Court Compels Individual Arbitration of Consumer Class Action

In Larsen v. Citibank FSB, 871 F.3d 1295 (11th Cir. Sept. 26, 2017), the Eleventh Circuit reversed the Southern District of Florida’s denial of a motion to compel arbitration of a consumer debt class action.  The plaintiff, David Johnson, filed a putative class action alleging that Defendant KeyBank had improperly changed the sequence of debit card transactions to maximize overdraft fees charged to the account.

Johnson was a longtime KeyBank customer, having opened his first checking account with the bank in 1991. In October 2001, he opened the 2001 Signature Card.  The 2001 Signature Card Agreement specified that “all accounts opened under this Plan are subject to [KeyBank’s] Deposit Account Agreement.”  At that time, the referenced Deposit Account Agreement was KeyBank’s 1997 Agreement, which contained an arbitration provision and preserved KeyBank’s ability to make unilateral amendments to the terms of the Agreement.

KeyBank moved to compel arbitration of Johnson’s claims, contending that Johnson agreed to arbitrate by executing the 2001 Signature Card that incorporated the 1997 Agreement. The Eleventh Circuit agreed with KeyBank, finding that the 2001 Signature Card Agreement sufficiently incorporated the 1997 Agreement.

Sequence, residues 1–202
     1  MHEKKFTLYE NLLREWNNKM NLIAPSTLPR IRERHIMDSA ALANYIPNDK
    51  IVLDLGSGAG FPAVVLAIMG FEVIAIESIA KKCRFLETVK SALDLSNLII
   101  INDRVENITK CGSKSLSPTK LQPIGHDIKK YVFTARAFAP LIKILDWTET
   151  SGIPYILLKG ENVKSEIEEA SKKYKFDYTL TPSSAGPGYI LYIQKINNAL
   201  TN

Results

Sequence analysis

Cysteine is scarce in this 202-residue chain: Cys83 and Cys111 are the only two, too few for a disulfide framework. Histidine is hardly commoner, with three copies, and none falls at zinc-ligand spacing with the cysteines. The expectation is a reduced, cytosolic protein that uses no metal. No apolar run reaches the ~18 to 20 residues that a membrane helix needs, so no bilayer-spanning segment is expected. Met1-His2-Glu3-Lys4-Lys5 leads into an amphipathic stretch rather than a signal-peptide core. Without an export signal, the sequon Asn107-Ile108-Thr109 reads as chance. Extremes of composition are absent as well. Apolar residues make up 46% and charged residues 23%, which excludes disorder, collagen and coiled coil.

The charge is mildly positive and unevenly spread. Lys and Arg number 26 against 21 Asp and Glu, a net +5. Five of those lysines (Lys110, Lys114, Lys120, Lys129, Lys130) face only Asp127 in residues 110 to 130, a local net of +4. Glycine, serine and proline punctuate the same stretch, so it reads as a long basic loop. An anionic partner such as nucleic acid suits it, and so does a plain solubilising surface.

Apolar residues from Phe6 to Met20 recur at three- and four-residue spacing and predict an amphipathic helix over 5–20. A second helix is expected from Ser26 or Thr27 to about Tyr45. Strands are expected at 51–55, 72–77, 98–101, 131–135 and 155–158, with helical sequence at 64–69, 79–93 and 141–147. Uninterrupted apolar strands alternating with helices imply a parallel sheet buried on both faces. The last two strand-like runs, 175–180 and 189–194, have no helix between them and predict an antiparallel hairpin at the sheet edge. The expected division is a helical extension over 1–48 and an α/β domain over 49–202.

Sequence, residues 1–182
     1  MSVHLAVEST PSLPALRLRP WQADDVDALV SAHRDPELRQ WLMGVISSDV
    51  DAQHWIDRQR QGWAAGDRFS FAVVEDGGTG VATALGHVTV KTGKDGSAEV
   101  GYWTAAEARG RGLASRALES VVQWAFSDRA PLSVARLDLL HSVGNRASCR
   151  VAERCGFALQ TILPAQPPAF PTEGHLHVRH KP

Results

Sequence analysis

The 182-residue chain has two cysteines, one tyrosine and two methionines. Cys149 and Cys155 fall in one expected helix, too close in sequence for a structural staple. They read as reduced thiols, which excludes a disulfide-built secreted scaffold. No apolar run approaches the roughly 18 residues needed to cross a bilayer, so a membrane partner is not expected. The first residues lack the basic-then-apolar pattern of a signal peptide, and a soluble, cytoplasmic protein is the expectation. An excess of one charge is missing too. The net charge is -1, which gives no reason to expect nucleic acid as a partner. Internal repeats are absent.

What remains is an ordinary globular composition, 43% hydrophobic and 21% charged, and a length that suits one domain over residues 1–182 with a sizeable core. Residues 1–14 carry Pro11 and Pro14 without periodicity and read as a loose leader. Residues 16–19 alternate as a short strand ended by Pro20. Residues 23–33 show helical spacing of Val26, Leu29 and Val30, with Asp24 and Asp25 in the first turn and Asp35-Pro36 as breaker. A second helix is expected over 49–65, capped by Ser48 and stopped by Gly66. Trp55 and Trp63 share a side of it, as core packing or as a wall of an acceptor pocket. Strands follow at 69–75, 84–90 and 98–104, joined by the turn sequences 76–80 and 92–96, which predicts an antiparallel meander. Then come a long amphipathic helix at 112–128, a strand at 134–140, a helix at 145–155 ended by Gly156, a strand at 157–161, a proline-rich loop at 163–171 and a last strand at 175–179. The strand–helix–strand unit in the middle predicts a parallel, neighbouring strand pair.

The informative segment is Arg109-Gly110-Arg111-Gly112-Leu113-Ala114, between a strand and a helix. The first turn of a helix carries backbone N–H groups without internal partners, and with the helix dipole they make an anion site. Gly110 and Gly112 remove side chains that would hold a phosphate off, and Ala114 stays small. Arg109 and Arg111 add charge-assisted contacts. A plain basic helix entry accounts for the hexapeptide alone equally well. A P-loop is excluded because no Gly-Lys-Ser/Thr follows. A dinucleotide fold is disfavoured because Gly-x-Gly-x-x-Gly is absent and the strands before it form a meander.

Johnson argued that the creation of the 2001 account was a continuation of his 1991 account, which predated the arbitration agreement. The Eleventh Circuit rejected this argument because the 2001 Agreement made clear that the 2001 Signature Card was a new account incorporating KeyBank’s Deposit Account Agreement.  Further, the court reasoned that Johnson knew that KeyBank retained the ability to make unilateral amendments to the terms of the Agreement, including the ability to modify the arbitration provision.  Johnson also presented an argument that he had not received a copy of the Agreement, which the Eleventh Circuit dismissed as “lean[ing] on a very thin reed.”

The Eleventh Circuit also held that the arbitration provision was not unconscionable. First, it was not procedurally unconscionable because it was not entered into with the absence of “meaningful choice.”  The fact that the agreement was a contract of adhesion did not make it unconscionable per se.  Second, the court found that the arbitration provision was not, as a whole, substantively unconscionable.  However, the court did sever a confidentiality provision contained within the arbitration agreement.  The court found the confidentiality clause to be unconscionable because it put KeyBank at an informational advantage at the outset of every dispute, because only KeyBank would have information about previous arbitrations.

Posted by Margaret Flatt.

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